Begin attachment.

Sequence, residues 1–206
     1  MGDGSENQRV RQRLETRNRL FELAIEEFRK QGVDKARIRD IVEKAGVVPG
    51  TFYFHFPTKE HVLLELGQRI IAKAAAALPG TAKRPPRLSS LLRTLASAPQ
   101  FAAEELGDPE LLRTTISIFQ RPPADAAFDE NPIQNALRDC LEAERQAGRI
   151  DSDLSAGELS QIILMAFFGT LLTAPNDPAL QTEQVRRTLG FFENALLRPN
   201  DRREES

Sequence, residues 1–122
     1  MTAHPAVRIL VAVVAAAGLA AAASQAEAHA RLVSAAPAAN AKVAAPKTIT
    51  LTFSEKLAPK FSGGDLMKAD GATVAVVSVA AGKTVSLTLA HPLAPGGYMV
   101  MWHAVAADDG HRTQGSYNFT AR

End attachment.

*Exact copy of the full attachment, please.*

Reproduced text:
Sequence, residues 1–206
     1  MGDGSENQRV RQRLETRNRL FELAIEEFRK QGVDKARIRD IVEKAGVVPG
    51  TFYFHFPTKE HVLLELGQRI IAKAAAALPG TAKRPPRLSS LLRTLASAPQ
   101  FAAEELGDPE LLRTTISIFQ RPPADAAFDE NPIQNALRDC LEAERQAGRI
   151  DSDLSAGELS QIILMAFFGT LLTAPNDPAL QTEQVRRTLG FFENALLRPN
   201  DRREES

Sequence, residues 1–122
     1  MTAHPAVRIL VAVVAAAGLA AAASQAEAHA RLVSAAPAAN AKVAAPKTIT
    51  LTFSEKLAPK FSGGDLMKAD GATVAVVSVA AGKTVSLTLA HPLAPGGYMV
   101  MWHAVAADDG HRTQGSYNFT AR